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Blast from the Past 

Blast from the Past 
Rick Hutton
Content & Community Manager //  FHF Gear Bozeman, MT

 

FROM EAST TO WEST. It’s hard to have a conversation about Montana’s history without touching on the subject of the mountain man. The two go hand in hand. After all, Montana was put on the map because of notable trailblazers like Jim Bridger and John Colter, and the tools they used, specifically their muzzleloading rifles. Unfortunately, the powder and ball seem to have been forgotten by many modern-day outdoorsmen, especially in western states, like Montana. 


Growing up in Pennsylvania, a state with an equally rich history of trappers and traders, the muzzleloader remained a relevant hunting tool with a designated season. In 1974, the Pennsylvania Game Commission put into effect a late-season traditional flintlock season. To this day, it remains the only black powder season in the U.S. that requires a flintlock ignition rifle. 

 

Raised in a family that embraced the dedicated season, the flintlock rifle had a profound impact on my youth, and ultimately, my hunting style. The first deer hunt that I accompanied my father on was during the late season flintlock season. Additionally, the first deer kill I witnessed fell to a .45 caliber lead ball from my father’s flintlock. Even my Boy Scout troop had a dedicated camping weekend where we slept under wool blankets, ate hardtack, threw tomahawks, and shot muzzleloaders. In our communities flintlocks were the norm — and it certainly wasn’t uncommon to spend a weekend at a muzzleloader shoot, held by local black powder gun clubs.


In 2016 I made the move to Montana. Always fascinated by the West, I found it odd that a state, with such a rich history of hawk and gun, had no such dedicated muzzleloader season, much less any dedicated black powder gun clubs I could find. In early 2021 all of this changed when House Bill 242 was signed into effect and Montana established a nine-day muzzleloader season, beginning December 11.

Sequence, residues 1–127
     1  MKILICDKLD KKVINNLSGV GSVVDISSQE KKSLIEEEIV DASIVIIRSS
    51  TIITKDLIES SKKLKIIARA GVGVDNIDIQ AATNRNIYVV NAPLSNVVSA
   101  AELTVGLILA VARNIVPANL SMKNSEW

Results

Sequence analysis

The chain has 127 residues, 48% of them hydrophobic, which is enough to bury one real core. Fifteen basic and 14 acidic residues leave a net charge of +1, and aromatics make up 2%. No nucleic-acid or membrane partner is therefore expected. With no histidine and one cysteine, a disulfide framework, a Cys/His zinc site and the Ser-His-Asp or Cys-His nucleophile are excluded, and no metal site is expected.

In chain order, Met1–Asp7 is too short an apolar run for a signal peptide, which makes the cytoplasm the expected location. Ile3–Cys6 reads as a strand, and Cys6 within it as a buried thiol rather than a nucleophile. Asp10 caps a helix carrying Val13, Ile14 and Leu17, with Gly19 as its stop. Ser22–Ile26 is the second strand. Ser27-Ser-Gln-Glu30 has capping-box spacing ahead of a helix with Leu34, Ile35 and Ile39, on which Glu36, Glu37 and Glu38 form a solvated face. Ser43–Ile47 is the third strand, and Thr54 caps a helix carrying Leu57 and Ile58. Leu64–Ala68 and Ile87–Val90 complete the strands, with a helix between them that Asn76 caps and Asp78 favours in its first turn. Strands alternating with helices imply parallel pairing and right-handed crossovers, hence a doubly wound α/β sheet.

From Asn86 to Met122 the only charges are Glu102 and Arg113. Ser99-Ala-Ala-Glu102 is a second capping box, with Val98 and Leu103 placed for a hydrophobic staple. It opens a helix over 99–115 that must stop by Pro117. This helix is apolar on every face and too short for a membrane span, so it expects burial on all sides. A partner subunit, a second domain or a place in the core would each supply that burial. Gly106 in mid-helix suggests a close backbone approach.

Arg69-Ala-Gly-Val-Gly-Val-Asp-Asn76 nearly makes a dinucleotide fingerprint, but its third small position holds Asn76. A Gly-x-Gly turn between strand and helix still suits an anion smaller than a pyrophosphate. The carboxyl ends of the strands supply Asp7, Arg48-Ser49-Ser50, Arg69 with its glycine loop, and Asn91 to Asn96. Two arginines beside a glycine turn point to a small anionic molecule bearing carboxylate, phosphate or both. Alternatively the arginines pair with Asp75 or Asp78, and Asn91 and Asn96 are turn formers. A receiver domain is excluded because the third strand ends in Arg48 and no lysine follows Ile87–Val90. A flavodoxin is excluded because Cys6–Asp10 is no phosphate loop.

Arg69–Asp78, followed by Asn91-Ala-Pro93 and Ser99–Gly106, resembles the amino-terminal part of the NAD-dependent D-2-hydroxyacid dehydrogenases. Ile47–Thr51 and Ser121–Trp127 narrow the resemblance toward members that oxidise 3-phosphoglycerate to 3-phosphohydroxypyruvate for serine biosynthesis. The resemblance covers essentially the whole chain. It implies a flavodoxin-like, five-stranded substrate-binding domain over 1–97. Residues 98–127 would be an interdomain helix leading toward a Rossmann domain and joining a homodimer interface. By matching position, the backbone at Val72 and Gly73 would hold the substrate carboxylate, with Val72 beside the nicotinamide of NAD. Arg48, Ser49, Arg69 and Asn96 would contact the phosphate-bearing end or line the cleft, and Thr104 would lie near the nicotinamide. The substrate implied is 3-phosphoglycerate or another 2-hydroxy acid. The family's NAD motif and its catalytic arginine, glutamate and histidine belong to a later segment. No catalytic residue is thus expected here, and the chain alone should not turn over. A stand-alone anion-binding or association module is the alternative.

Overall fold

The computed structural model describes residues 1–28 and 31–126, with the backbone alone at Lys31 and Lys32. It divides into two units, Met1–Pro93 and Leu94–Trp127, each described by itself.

With Montana now hosting a muzzleloader- specific season, I can't help but hope that interest around muzzleloading rifles will increase. That said, I've put together some of what I think are key factors every new black powder hunter should consider.

KNOW YOUR REGS

First and foremost — always check your local regulations as they vary from state to state. For local Montana hunters, you can find the 2021 muzzleloader regs at https://fwp.mt.gov/. As always, make sure any equipment you take to the field complies with regulations for your area. Once you have ensured your equipment complies with state regulations, another important item hunters must consider is knowing how to handle powder and ball. 


BLACK POWDER. For those who are not used to handling black powder it could seem a bit nerve-racking, as it is more unstable than smokeless powder. However, it is very easy to handle with a few considerations. Perhaps the most important is to be mindful that it is very flammable. Be sure to leave all ignition sources away from your powder.